Inuit Art Quarterly
Updates and highlights from the world of Inuit art and culture
Three Inuit Singer-Songwriters Recognized by 2022 Juno Awards
Three Inuit musicians were celebrated at the 2022 Juno Awards, which recognizes the best of Canadian music. At this year’s opening-night ceremony in Toronto, ON, the three-time Juno Award-winner Susan Aglukark, OC, received the 2022 Humanitarian Award for her contributions to improving the lives of children and youth in nor thern communities.
Born in Churchill, MB, and raised in Arviat, NU, Aglukark is the first Inuk musician to have a Canadian top-10 commercial hit in Canada with her song “O Siem” off her 1995 album, This Child. In 2012 Aglukark launched the Arctic Rose Project, now expanded to the Arctic Rose Foundation, which provides af ter-school ar ts and mentorship programs to Inuit and other Indigenous students across Nunavut.
“It is an honour to receive this award, and a privilege to have had the oppor tunity to help create safe spaces for Northern Inuit and [other] Indigenous youth to explore their own potential and forge cultural connections through Indigenous-led programs,” said Aglukark in a statement on the Juno Awards website.
Fellow Inuk ar tists Looee Arreak and Deantha Edmunds are also up for a Juno this year for their per formances in Against the Grain Theatre and the Toronto Symphony Orchestra’s operatic production of Messiah/ Complex, in the running for Classical Album of the Year (Large Ensemble).
Two Canadian Screen Awards Go to Inuit Shorts in 2022
In ceremonies bet ween April 4 and 10 , the Academy of Canadian Cinema and Television announced that the Canadian Screen Awards for Best Short Documentary and Best Animated Short would go to Inuit filmmakers: Jennie Williams for Nalujuk Night (2021), and Zacharias Kunuk, OC, ONu, for Angakusajaujuq: The Shaman’s Apprentice (2021).
The 13-minute documentar y Nalujuk Night is the first film from Williams, and chronicles the fun and frightening Nunatsiavut tradition of the same name, where people dressed as terrif ying creatures come in of f the ice.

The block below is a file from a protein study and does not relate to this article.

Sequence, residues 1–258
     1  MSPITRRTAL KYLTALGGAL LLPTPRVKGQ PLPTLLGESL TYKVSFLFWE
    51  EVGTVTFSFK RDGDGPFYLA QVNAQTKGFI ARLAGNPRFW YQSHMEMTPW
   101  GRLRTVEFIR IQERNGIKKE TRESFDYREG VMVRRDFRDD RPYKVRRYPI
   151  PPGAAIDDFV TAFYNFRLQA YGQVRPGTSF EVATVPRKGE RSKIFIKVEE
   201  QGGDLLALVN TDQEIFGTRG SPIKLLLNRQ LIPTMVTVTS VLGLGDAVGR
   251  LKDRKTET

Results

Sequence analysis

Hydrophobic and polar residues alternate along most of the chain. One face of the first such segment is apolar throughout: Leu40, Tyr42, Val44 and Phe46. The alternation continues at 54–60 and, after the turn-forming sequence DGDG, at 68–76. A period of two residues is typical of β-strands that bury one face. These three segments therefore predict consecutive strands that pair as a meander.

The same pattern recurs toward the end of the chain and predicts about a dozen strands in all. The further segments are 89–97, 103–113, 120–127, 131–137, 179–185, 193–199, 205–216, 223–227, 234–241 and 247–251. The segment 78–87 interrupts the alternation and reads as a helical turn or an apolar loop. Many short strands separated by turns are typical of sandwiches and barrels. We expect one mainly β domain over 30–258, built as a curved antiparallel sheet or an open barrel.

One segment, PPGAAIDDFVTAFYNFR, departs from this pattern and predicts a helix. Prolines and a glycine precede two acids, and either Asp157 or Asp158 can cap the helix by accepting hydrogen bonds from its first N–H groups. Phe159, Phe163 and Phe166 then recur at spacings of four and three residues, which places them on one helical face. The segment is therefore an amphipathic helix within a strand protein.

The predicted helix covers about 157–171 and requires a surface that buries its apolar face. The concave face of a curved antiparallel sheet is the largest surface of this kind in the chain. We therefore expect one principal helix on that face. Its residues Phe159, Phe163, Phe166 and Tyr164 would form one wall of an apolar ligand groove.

“I am feeling very overjoyed to have won,” said Williams after the ceremony. “The whole experience has been absolutely amazing and I am so happy to be able to share this very unique Labrador Inuit tradition with the world.”
Written and directed by Kunuk, Angakusajaujuq is a 21-minute stop-motion animation featuring a largely Inuit cast and production. The s tor y follows a young shaman who goes on her first test to learn why a community member has fallen ill.
“I want to thank all the talented people [I] worked with,” said Kunuk in his acceptance speech. “Tr ying to work with the stop-motion depar tment down in Toronto all the way from Iglulik was quite challenging and fun… you guys made it happen, and it worked. Qujannamiik.”
David Ruben Piqtoukun Wins 2022 Governor General’ s Award
On March 1 , David Ruben Piqtoukun received the Governor General’s Award in Visual and Media Ar ts Ar tistic Achievement by the Canada Council for the Ar ts. He was nominated for the award by the President of the Sculptors Society of Canada, Judi Michelle Young.
“He is a leader, with progressive innovations of contemporary works,” said Young in a press release. “In exploring the human condition, Piqtoukun’s work speaks of and to people’s resilience. Through his work, he inspires, mentoring the younger generation with poignant narratives.”
Piqtoukun, who is from Paulatuk, Inuvialuit Settlement Region, NT, is well known for his sculptures and printmaking, which he uses to explore Inuit legends and mythology. “I collect the stories from [my] childhood. We used our imagination when we heard the stories, and for me I was fascinated,” he says about his work in a video portrait by Bawaadan Collective.
Piqtoukun’s first solo exhibition was in 1973 , with many solo and group exhibitions in the years since. He has been featured in many previous issues of the IAQ, gracing the cover on numerous occasions. He also served as a board member for the Inuit Art Foundation from 2011–14.